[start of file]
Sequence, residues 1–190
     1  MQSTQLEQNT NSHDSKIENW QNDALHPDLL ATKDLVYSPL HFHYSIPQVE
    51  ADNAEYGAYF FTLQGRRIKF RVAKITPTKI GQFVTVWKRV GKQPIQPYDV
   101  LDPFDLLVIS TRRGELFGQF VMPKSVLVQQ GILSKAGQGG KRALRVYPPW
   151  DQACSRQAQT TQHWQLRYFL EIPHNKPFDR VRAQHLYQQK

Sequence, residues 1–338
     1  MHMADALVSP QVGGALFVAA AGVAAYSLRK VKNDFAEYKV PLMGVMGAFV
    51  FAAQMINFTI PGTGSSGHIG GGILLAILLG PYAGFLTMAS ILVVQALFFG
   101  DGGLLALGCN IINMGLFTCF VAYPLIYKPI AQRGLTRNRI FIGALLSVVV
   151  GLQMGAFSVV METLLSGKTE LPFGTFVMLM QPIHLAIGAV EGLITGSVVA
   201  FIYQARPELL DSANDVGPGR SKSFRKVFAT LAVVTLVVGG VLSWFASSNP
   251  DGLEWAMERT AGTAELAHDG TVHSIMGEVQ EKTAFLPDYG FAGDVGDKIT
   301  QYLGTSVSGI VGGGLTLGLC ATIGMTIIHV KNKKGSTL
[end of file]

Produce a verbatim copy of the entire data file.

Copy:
Sequence, residues 1–190
     1  MQSTQLEQNT NSHDSKIENW QNDALHPDLL ATKDLVYSPL HFHYSIPQVE
    51  ADNAEYGAYF FTLQGRRIKF RVAKITPTKI GQFVTVWKRV GKQPIQPYDV
   101  LDPFDLLVIS TRRGELFGQF VMPKSVLVQQ GILSKAGQGG KRALRVYPPW
   151  DQACSRQAQT TQHWQLRYFL EIPHNKPFDR VRAQHLYQQK

Sequence, residues 1–338
     1  MHMADALVSP QVGGALFVAA AGVAAYSLRK VKNDFAEYKV PLMGVMGAFV
    51  FAAQMINFTI PGTGSSGHIG GGILLAILLG PYAGFLTMAS ILVVQALFFG
   101  DGGLLALGCN IINMGLFTCF VAYPLIYKPI AQRGLTRNRI FIGALLSVVV
   151  GLQMGAFSVV METLLSGKTE LPFGTFVMLM QPIHLAIGAV EGLITGSVVA
   201  FIYQARPELL DSANDVGPGR SKSFRKVFAT LAVVTLVVGG VLSWFASSNP
   251  DGLEWAMERT AGTAELAHDG TVHSIMGEVQ EKTAFLPDYG FAGDVGDKIT
   301  QYLGTSVSGI VGGGLTLGLC ATIGMTIIHV KNKKGSTL